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Aging in Place: Financing Long-term Care at Home

The question for many American seniors is no longer “what will happen when I die?” but “what will happen if I live?” Americans are living longer, but this can mean long-term health complications that require expensive treatment. Therefore, a lot of Americans are considering how to pay for the cost of long-term care. While nursing homes and assisted living facilities have been the traditional choice for those requiring routine medical care and daily living assistance, there is a growing trend toward aging in place. But remaining in one’s home means finding affordable and quality in-home care and figuring out how to pay for it. Thus, Medicaid planning is an important part of a comprehensive estate plan.

Nursing Home Cost of Care

Those who reside in long-term care facilities have the benefit of around the clock medical and nursing care. But these services come at a heavy cost. The average monthly cost of nursing home care in New York City is around $142,116 per year. This can represent the lion’s share of a senior’s net worth. Therefore, seniors are always seeking plausible means of cutting long-term care costs.

Home Health Cost of Care

In recent years, people have begun opting for care in their homes instead of institutional care. This “in-home” care is also referred to as a form of “aging in place.” Some nursing home facilities are creating campuses where residents can move from one level of care to the next as their needs change and still stay within the same institution. Aging in place, however, generally refers to remaining in one’s home. Many seniors strongly prefer residing in their own homes, as opposed to institutional care. There are a number of reasons for this.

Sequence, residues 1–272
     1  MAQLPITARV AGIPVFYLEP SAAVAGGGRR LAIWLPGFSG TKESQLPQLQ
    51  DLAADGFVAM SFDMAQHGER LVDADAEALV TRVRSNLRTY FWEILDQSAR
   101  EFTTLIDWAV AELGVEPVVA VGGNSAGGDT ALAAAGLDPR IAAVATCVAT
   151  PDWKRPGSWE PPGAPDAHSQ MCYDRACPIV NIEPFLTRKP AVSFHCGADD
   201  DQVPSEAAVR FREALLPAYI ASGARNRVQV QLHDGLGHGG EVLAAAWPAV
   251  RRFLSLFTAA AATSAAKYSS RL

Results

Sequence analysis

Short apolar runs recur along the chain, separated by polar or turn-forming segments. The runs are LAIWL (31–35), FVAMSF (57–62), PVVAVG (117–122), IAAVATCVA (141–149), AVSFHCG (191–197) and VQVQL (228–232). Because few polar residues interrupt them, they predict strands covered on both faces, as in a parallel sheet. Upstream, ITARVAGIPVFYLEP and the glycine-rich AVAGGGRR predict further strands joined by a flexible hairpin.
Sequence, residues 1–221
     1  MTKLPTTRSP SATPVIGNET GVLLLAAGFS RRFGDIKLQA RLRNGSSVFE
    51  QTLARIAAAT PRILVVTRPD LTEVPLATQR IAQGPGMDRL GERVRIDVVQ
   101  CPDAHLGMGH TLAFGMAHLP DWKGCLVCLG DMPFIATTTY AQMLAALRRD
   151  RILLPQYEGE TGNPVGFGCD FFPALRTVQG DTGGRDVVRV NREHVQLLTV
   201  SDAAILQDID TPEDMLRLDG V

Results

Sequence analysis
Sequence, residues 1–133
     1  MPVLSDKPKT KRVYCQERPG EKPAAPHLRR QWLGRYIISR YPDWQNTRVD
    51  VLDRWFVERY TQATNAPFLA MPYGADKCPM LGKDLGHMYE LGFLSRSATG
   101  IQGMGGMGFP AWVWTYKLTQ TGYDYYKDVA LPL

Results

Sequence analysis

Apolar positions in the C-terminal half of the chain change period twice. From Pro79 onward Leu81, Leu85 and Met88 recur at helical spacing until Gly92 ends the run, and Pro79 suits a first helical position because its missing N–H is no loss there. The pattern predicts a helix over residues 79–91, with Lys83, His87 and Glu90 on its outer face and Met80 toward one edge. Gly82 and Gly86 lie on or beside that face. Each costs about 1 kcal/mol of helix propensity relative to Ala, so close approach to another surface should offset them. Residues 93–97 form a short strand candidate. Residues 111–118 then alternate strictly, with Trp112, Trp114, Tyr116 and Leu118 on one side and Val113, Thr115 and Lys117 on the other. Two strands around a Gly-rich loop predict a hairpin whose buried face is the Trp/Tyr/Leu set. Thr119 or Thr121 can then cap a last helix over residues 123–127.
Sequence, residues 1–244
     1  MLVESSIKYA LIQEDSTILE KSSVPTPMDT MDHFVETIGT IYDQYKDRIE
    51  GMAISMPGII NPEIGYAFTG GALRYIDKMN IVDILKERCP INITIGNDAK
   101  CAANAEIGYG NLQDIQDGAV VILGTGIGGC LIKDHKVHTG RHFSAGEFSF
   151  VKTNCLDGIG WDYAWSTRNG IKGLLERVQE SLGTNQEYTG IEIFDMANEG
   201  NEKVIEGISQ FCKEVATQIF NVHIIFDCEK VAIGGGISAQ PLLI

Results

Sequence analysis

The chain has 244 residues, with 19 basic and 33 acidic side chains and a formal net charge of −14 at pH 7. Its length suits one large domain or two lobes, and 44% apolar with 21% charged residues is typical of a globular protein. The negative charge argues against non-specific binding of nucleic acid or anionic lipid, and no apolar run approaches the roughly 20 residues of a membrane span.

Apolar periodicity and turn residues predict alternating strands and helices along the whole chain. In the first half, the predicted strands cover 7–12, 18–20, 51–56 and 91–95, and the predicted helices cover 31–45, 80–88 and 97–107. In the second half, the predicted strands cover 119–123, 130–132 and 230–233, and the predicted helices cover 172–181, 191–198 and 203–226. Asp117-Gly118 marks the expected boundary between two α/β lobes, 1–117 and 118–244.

For instance, as eyesight is diminished, one may find it easier to navigate a familiar environment than being confined to a residential room for fear of falling or getting lost. Likewise, seniors who are still mobile and self-sufficient may prefer remaining near long-time friends, community centers, churches, and other familiar places that keep them engaged in their neighborhoods and give them a continuing sense of purpose that is often lost in institutional settings.

Unfortunately, although some savings may be realized by remaining at home, around the clock daily in-home care in New York can cost between $52,000 and $98,000, depending on the facility, services needed, and the region of the state. Therefore, the savings is minimal in many cases. This also presumes no other services are needed in order to accommodate continuing aging in place, such as meal and grocery delivery services, transportation, and continued costs associated with home ownership.

Paying to age in place

Most Americans simply do not have $100,000 per year in disposable income or savings. Likewise, most people would rather preserve their life savings as an inheritance for their children and other loved ones. Medicaid generally only pays for long-term care once a person becomes eligible. This only occurs a person has spent all but $2,000 of their own assets. Therefore, a long stay at the nursing home can be a financial disaster for a family. Elder law attorneys can often advise clients in specific, targeted estate planning strategies to reduce the loss of income and assets, while also determining if aging in place is a viable option. Each person’s circumstances vary, so it is important to begin planning early in one’s retirement, long before care is needed.

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